Forgetting Them Is Not An Option

Is it possible to achieve the health related MDGs without a special focus on the health status of the poor, the marginalized and the hard-to reach in Kenya?

The Government of Kenya being signatory to the Millennium Declaration is obliged to put in place measures for achievement of the Millennium Development Goals (MDGs). While only three of the eight MDGs relate directly to health, all others have important direct effects on health considering the interrelationship between health and development in general. The core health MDGs are Reducing Child Mortality (MDG4), Improve Maternal Health (MDG5), and Combat HIV/AIDS, Malaria and other Diseases (MDG6).

Achieving the health related Millennium Development Goals (MDGs) will not be possible without a special focus on the health status of the poor, the marginalized and the hard-to reach in Kenya. This post examines the evidence to support this position utilising findings from the 2008-9 Kenya Demographic and Health Survey (KDHS), with regard to the following selected indicators: Under-five mortality rate (MDG4.1); Percent births attended by skilled attendant (MDG5.2); Contraceptive prevalence rate (MDG5.3); and Unmet need for family planning (MDG5.6).

Analysis of the data on the various health indicators shows vast disparities exist based on socio-economic status and the area of residence (see Table 1). These disparities have persisted in results of successive national surveys over the last three decades. Generally, the national average statistic is used in reports regarding achievement of goals (national or international). However, such data is not particularly useful when it comes to designing interventions to improve on the health indicators, since it fails to direct attention to where greatest need for intervention exists.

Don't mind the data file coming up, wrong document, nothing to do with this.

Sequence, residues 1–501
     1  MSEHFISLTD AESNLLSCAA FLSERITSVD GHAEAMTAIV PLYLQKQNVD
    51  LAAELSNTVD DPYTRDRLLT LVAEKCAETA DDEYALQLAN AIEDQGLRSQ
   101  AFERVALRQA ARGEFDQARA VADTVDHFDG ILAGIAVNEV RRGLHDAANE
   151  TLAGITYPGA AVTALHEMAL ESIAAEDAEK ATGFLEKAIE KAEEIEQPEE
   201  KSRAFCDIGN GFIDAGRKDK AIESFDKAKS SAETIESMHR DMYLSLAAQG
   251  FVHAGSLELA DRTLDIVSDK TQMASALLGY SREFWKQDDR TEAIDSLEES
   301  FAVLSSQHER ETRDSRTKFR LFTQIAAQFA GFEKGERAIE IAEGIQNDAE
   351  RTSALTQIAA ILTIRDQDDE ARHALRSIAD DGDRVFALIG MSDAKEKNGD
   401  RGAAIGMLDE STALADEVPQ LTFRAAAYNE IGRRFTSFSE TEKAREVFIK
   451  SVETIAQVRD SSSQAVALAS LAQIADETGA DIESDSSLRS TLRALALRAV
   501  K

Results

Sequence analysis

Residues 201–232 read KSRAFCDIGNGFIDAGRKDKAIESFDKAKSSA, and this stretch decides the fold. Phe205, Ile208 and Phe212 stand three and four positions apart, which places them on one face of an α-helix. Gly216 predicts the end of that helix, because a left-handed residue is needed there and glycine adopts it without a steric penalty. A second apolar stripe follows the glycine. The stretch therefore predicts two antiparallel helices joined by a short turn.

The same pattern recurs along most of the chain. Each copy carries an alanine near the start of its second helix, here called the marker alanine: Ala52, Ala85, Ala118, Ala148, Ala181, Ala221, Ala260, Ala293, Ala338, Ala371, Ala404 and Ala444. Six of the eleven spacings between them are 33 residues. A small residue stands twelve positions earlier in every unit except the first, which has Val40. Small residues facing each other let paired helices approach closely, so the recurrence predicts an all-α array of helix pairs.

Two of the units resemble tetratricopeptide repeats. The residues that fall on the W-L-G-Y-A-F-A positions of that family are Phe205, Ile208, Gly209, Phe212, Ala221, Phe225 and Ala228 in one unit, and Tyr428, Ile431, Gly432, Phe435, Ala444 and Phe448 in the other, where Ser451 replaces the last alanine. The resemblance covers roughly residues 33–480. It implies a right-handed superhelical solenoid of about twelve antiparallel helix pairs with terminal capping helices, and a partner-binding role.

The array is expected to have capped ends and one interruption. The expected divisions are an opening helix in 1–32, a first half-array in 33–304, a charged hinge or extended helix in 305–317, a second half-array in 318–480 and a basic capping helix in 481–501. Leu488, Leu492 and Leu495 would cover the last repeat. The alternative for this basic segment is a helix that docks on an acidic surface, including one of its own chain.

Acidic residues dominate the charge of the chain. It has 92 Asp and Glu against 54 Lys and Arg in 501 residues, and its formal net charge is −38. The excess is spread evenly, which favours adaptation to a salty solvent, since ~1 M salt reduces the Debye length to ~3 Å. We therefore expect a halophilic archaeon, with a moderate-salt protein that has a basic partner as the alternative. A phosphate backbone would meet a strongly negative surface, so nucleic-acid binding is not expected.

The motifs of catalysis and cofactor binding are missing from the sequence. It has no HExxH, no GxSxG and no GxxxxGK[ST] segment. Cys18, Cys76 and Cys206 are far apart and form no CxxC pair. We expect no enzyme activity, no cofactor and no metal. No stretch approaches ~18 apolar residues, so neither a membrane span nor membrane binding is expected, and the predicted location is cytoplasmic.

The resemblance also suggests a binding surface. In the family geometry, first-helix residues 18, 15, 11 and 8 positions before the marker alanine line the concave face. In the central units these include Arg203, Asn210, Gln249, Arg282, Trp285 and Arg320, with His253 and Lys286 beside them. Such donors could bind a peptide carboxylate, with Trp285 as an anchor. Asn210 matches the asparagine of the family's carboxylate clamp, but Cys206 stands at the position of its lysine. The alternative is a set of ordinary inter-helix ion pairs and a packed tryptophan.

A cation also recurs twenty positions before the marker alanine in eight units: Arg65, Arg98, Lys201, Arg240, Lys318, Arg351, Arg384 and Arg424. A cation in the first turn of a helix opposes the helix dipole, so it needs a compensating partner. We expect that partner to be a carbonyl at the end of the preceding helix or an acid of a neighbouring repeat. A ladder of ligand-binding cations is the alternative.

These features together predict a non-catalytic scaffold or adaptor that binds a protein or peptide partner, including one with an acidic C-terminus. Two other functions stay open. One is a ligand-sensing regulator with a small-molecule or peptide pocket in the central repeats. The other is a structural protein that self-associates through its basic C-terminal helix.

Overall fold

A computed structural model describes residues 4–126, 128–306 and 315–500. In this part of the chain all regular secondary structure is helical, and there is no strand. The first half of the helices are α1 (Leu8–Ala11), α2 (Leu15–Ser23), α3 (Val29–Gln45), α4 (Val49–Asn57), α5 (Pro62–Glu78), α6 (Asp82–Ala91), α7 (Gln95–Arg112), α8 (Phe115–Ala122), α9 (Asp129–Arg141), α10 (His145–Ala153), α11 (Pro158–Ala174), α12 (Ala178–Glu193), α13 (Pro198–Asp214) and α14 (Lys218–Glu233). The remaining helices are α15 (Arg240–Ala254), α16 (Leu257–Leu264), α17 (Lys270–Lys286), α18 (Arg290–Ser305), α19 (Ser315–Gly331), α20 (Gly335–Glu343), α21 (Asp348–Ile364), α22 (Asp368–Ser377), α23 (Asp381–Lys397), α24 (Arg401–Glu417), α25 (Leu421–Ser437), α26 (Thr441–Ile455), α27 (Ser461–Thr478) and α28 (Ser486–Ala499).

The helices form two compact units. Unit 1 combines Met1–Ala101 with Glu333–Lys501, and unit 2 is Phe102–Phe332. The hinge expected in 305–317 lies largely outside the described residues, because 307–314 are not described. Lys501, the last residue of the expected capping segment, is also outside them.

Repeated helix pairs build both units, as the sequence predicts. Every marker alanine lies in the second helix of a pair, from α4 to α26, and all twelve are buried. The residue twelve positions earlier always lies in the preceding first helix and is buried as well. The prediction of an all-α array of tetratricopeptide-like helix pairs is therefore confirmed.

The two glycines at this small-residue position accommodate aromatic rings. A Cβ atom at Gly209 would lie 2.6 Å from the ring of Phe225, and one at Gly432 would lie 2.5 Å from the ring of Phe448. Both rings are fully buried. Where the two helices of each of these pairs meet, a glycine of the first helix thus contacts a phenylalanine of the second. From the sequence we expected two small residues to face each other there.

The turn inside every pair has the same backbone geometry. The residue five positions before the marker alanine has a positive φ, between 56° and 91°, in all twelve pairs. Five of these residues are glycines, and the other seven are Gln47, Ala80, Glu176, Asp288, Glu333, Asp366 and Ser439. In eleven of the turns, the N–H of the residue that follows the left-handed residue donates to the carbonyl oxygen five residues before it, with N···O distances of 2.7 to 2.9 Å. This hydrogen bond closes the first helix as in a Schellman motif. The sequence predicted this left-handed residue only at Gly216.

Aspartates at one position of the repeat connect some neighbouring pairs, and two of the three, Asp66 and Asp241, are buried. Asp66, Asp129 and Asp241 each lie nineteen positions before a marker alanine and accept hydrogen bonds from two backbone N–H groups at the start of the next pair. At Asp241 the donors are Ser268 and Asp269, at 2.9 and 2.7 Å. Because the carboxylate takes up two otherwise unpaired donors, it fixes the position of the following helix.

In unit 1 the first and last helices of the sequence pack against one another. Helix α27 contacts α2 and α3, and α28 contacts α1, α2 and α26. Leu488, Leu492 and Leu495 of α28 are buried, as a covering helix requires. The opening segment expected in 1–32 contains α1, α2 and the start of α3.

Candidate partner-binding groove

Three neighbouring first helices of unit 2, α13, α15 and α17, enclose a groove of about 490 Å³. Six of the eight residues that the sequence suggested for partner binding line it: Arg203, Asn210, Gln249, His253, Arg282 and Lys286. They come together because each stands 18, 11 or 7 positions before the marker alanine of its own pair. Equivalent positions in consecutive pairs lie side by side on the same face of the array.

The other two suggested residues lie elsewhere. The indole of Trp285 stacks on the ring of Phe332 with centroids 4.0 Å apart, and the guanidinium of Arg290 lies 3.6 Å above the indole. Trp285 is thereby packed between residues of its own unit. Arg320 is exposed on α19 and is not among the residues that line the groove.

Under-5 Mortality Rate (MDG4.1): Nationally there has been significant improvement in child survival in the last decade which could be attributed at least in part to childhood immunization coverage and malaria prevention interventions. However, analysis of the data by region shows there are areas in this country where child mortality rates remain very high. Whereas there was a 28 percent reduction in under-five mortality rate in Nyanza from 206 deaths per 1,000 reported in 2003 to 149 deaths per 1,000 in 2008/9, the region remains the place with the highest child mortality rate in Kenya. Almost one in seven children in Nyanza dies before attaining his or her fifth birthday, compared with one in 20 children in Central province (51 deaths per 1,000), which has the lowest rate. The risk of dying before age five is almost three times higher in Nyanza than in Central province.

The other variables shown in Table 1 which influence child survival are mother’s level of education and household wealth status. Under-five mortality is noticeably lower for children whose mothers either completed primary school (68 deaths per 1,000 live births) or attended secondary school (59 deaths per 1,000 live births) than among those whose mothers have no education (86 deaths per 1,000 live births). However, under-five mortality is highest among children whose mothers have incomplete primary education. Similar patterns are observed for infant mortality levels (not shown). Child mortality rates generally decline as the wealth quintile increases, though the pattern is not uniform.